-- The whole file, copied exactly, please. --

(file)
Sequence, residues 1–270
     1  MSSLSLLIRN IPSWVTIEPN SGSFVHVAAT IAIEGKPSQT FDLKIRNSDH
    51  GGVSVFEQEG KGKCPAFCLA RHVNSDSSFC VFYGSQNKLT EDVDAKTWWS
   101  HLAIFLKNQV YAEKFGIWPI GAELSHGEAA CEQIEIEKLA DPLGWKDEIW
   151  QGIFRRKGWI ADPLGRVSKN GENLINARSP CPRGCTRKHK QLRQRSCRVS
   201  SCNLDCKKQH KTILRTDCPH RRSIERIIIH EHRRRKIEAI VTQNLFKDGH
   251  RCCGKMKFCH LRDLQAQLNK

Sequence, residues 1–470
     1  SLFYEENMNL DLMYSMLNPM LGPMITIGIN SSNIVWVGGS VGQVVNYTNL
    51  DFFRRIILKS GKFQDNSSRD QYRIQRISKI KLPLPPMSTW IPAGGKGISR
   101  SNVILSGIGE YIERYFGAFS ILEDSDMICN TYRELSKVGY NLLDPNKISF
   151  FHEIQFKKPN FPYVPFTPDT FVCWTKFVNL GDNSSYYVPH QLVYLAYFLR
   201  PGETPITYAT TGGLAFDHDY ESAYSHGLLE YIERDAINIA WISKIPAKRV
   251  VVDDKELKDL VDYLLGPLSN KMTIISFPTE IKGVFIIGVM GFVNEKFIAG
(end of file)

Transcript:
Sequence, residues 1–270
     1  MSSLSLLIRN IPSWVTIEPN SGSFVHVAAT IAIEGKPSQT FDLKIRNSDH
    51  GGVSVFEQEG KGKCPAFCLA RHVNSDSSFC VFYGSQNKLT EDVDAKTWWS
   101  HLAIFLKNQV YAEKFGIWPI GAELSHGEAA CEQIEIEKLA DPLGWKDEIW
   151  QGIFRRKGWI ADPLGRVSKN GENLINARSP CPRGCTRKHK QLRQRSCRVS
   201  SCNLDCKKQH KTILRTDCPH RRSIERIIIH EHRRRKIEAI VTQNLFKDGH
   251  RCCGKMKFCH LRDLQAQLNK

Sequence, residues 1–470
     1  SLFYEENMNL DLMYSMLNPM LGPMITIGIN SSNIVWVGGS VGQVVNYTNL
    51  DFFRRIILKS GKFQDNSSRD QYRIQRISKI KLPLPPMSTW IPAGGKGISR
   101  SNVILSGIGE YIERYFGAFS ILEDSDMICN TYRELSKVGY NLLDPNKISF
   151  FHEIQFKKPN FPYVPFTPDT FVCWTKFVNL GDNSSYYVPH QLVYLAYFLR
   201  PGETPITYAT TGGLAFDHDY ESAYSHGLLE YIERDAINIA WISKIPAKRV
   251  VVDDKELKDL VDYLLGPLSN KMTIISFPTE IKGVFIIGVM GFVNEKFIAG